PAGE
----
Think About What You Drink
Let’s get the bad news out of the way first: Alcohol is not a great idea, because it contains cancer-causing agents that damage DNA. “Consuming 3.5 drinks per day was associated with a 50 percent increased risk of colorectal cancer compared to light or non-drinkers,” Taylor warns. “Avoid it entirely or limit yourself to less than two drinks a day.” Watch out for sugary drinks (sodas, fruit juices, sports drinks), as well, because they can lead to excess body fat, a major risk factor for colorectal cancer as well as 11 other types of cancer.
Keep Your Caffeine If You Like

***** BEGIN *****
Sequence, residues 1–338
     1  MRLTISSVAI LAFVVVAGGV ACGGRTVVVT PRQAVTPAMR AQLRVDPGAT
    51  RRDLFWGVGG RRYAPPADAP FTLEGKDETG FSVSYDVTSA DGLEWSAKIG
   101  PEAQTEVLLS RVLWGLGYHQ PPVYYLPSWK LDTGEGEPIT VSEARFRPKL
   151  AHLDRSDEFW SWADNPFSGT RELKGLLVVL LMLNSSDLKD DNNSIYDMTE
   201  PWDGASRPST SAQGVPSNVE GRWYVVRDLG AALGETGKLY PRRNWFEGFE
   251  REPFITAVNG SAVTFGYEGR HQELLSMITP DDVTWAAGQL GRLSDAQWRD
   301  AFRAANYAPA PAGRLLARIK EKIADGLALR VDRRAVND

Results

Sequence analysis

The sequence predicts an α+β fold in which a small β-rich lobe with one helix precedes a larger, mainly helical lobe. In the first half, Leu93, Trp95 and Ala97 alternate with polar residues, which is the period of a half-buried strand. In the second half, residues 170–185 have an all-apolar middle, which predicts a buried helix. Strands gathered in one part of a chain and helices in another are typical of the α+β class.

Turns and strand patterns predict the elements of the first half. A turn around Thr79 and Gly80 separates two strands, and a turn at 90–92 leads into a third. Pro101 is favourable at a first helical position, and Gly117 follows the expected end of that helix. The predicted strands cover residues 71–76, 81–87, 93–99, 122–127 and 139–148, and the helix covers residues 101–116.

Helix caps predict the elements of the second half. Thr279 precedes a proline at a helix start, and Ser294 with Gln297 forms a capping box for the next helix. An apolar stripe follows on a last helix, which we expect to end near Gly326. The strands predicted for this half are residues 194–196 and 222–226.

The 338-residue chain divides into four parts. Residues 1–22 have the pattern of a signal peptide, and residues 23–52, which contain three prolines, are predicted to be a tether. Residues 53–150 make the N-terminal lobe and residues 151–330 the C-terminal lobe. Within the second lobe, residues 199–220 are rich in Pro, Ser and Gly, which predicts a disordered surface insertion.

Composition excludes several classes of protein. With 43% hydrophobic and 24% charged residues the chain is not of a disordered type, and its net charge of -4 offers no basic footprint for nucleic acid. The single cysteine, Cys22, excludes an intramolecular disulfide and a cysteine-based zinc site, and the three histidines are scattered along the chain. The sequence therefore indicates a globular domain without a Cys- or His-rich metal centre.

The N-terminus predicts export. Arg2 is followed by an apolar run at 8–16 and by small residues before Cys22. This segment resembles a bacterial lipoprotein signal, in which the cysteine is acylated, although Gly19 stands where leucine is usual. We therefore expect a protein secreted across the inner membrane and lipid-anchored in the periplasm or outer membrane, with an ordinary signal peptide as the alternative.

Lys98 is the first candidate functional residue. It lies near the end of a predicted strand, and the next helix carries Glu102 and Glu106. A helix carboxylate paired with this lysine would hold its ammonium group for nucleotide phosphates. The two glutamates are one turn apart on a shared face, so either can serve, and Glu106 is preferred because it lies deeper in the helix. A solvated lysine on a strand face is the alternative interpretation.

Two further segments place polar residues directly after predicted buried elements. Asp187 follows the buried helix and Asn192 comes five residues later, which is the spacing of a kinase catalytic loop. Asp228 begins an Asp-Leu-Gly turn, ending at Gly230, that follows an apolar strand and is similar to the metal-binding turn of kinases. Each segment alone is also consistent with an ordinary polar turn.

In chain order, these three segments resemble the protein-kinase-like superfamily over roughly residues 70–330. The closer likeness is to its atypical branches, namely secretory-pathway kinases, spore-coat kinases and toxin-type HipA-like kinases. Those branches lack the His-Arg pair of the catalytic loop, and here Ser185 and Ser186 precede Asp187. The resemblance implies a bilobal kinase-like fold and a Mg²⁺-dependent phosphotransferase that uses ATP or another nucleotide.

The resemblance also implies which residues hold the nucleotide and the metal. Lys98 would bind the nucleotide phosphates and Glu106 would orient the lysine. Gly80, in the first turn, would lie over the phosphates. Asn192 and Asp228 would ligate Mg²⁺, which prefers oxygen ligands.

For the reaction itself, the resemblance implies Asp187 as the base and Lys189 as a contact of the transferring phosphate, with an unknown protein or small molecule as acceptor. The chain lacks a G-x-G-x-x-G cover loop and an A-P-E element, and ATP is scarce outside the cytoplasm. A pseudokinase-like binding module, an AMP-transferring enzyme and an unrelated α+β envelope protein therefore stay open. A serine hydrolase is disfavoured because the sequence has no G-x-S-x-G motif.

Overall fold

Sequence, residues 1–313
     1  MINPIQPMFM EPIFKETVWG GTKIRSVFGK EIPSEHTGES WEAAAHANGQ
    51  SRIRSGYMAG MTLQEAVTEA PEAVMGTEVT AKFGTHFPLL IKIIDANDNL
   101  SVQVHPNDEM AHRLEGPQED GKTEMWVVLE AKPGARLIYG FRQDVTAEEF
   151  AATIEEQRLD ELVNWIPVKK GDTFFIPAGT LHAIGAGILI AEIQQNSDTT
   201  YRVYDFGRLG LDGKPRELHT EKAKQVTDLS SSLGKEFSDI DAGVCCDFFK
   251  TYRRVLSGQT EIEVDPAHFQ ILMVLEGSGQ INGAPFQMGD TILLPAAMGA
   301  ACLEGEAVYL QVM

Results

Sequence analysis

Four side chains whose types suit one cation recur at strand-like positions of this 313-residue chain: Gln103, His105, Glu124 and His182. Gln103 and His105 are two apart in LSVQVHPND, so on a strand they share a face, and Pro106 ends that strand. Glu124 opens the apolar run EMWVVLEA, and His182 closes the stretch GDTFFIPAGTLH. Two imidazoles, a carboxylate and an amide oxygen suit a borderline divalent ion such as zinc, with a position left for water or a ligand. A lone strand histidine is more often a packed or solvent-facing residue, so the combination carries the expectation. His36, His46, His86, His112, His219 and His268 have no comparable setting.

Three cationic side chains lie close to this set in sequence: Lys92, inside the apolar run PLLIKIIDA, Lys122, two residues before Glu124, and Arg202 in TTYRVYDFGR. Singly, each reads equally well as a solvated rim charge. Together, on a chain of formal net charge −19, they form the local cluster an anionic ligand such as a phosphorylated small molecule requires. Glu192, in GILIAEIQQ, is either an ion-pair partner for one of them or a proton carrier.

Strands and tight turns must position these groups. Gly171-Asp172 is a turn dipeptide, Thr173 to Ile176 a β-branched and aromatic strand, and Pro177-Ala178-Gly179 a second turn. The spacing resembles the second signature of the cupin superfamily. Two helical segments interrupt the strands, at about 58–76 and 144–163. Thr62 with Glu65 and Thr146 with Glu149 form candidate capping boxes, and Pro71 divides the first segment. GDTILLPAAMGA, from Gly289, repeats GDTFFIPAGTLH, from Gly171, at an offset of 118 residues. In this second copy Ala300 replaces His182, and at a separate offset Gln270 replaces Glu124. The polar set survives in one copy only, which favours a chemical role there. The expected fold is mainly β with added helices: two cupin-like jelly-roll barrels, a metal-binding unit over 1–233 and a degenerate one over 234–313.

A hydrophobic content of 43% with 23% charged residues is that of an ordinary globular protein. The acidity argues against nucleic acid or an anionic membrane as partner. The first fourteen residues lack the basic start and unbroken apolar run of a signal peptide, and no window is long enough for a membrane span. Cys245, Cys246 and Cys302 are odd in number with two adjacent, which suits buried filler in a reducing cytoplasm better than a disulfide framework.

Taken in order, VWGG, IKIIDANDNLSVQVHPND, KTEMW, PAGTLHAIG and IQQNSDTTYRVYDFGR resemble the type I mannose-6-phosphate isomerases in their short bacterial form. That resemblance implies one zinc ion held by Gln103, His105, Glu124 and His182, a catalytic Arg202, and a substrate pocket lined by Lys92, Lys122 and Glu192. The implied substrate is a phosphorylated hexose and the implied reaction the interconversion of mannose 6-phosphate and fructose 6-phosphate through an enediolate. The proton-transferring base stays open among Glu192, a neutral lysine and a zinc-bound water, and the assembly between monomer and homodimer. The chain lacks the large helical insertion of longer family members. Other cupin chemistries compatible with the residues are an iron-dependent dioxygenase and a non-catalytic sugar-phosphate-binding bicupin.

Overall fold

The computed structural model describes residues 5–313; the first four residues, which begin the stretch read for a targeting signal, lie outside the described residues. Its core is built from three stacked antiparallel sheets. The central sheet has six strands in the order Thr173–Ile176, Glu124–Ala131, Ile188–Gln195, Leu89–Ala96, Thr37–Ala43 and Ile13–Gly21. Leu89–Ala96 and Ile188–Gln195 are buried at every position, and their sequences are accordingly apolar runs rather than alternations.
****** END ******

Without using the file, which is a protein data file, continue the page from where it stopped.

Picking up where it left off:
Meanwhile, much-loved energy boosters coffee and tea get the thumbs up when it comes to colon cancer prevention, although more research is needed. Coffee contains phytochemical compounds that reduce cancer cell growth, block carcinogens, and promote cancer cell death, Taylor says. Tea has similar phytochemical compounds, and a large-scale Chinese study found that drinking two to three cups of tea per week decreased digestive cancers by about 14%. Two to three cups of tea daily brought that protection to 21%, and long-term (20 years or more) tea drinkers had a 29% reduced risk.